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Osco Motors Co. LLC v. Marine Acquisition Corp.

United States District Court, Third Circuit

January 16, 2014

OSCO MOTORS COMPANY LLC, et al., Plaintiffs,
v.
MARINE ACQUISITION CORP., et al., Defendants.

MEMORANDUM ORDER

RICHARD G. ANDREWS, District Judge.

The Magistrate Judge has filed a Report and Recommendation. (D.I. 34). Defendants have filed objections, to which the Plaintiffs have responded. (D.I. 35, 37). The matter is now before this Court.

Findings of fact are reviewed for clear error. Review of the factual determinations is limited to the record that was before the magistrate judge. Determinations of applicable legal standards are reviewed for error. There are also decisions that involve the exercise of discretion, and discretionary decisions are reviewed for abuse of discretion. "This deferential standard of review is especially appropriate where the Magistrate Judge has managed this case from the outset and developed a thorough knowledge of the proceedings.'" Cooper Hospital/University Med Ctr. v. Sullivan, 183 F.R.D. 119, 127 (D.N.J. 1998) (quoting another District of New Jersey case).

The grant of a stay is a discretionary decision. I do not believe recommending that the stay be denied was an abuse of discretion. Further, given the timetable that seems to be occurring with the arbitration ( see D.l. 37, at p. 1 n.2), the issue, while not actually moot, will likely be moot very shortly.

On the breach of contract claim, while the confidentiality agreement does not say "use, " it would be a strange agreement that allowed the Defendants to use the confidential information to the detriment of Plaintiffs. Thus, while it is possible that the Court might adopt a contract interpretation as Defendants request, it cannot be said that the breach of contract claim is implausible viewing the allegations of the amended complaint, including the contract itself, in the light most favorable to the Plaintiffs.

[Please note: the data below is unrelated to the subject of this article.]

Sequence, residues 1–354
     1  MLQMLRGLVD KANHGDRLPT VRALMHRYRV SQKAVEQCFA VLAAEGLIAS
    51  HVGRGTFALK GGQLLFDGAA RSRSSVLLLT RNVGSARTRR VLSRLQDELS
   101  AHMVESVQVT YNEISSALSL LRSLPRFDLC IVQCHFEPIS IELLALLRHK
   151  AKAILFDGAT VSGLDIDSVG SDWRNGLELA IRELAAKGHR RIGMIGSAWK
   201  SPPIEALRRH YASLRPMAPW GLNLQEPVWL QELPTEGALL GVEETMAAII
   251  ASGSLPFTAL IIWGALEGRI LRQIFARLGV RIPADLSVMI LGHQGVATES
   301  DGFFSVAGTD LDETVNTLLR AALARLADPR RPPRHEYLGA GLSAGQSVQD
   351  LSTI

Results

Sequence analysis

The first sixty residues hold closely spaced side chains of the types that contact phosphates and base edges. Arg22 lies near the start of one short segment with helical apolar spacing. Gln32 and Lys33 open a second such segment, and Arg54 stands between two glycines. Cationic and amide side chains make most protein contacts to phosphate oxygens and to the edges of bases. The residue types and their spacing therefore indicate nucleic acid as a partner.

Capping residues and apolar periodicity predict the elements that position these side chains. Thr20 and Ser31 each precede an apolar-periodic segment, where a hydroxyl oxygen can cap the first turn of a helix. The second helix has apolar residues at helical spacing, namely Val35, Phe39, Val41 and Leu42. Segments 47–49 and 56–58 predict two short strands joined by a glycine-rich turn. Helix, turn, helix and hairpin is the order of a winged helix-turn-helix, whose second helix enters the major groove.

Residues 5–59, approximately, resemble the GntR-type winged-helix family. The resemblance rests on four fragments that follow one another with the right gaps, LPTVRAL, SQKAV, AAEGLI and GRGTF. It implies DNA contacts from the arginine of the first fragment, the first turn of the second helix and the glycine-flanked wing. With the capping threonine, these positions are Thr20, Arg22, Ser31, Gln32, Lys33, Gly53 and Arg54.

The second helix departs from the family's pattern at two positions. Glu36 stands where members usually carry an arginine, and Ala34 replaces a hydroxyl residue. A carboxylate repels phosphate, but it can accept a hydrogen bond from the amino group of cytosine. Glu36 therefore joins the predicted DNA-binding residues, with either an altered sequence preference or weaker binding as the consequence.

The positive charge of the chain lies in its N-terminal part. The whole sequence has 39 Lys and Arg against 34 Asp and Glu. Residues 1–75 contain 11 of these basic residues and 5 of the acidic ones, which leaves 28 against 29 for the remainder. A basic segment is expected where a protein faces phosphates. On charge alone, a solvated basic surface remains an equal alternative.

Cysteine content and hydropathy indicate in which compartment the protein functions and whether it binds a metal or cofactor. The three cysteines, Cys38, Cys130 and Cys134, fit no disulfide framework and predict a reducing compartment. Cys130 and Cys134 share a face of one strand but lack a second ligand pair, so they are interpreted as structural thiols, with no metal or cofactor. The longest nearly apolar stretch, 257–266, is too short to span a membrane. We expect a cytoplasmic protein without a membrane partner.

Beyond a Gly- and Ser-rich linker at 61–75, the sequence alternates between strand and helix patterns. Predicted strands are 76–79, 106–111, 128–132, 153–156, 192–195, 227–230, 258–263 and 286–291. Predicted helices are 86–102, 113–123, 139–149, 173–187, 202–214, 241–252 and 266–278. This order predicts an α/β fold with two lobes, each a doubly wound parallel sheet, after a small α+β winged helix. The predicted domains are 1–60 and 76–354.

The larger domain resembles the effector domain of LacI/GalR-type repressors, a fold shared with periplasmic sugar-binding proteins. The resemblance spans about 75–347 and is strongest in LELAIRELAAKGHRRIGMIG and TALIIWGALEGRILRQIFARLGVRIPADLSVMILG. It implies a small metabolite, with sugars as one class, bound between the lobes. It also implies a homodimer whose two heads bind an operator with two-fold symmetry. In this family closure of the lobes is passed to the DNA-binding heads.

On the breach of the duty to negotiate in good faith, Plaintiffs' amended complaint is quite unclear as to exactly (or even generally) what its theory is. ( See D.I. 19, ¶¶ 80-89; see also id. ¶¶ 29, 41-42). The complaint seems to say that the Letter of Intent[1] provided for the confidentiality of exchanged information, with the Defendants not to disclose the negotiations, Defendants to have exclusivity and to do the due diligence timely. ( Id., ¶¶ 81-83). Defendants realized from the exchanged information that there might be economic advantages to not purchasing Plaintiffs, and therefore did not make the purchase. ( Id., ¶¶ 85-88). The Report and Recommendation concludes, based on the earlier letter of intent (D.I. 25), that the letter of intent creates an express duty to negotiate in good faith. (D.I. 34 at 25). While that conclusion seems more than reasonable in the Rule 12(b)(6) context, I cannot conclude that Count 4 actually alleges that, and am somewhat doubtful that it alleges a breach of that covenant either. Therefore, I will dismiss Count 4 with leave to refile.

Thus, this 16th day of January 2014, the Objections (D.I. 35) are OVERRULED IN PART AND SUSTAINED IN PART. The conclusions of the Report and Recommendation (D.I. 34) are ADOPTED except as inconsistent with this Memorandum Order. The motion to dismiss (D.I. 21) is GRANTED IN PART (dismissing Counts 2 and 4) and DENIED IN PART (not dismissing Counts 3). The motion to stay (D.I. 21) is DENIED. Plaintiff is GRANTED LEAVE TO FILE AN AMENDED COMPLAINT so long as the amended complaint is filed not later than January 30, 2014. The Court will SCHEDULE a Rule 16 conference about two months from now.


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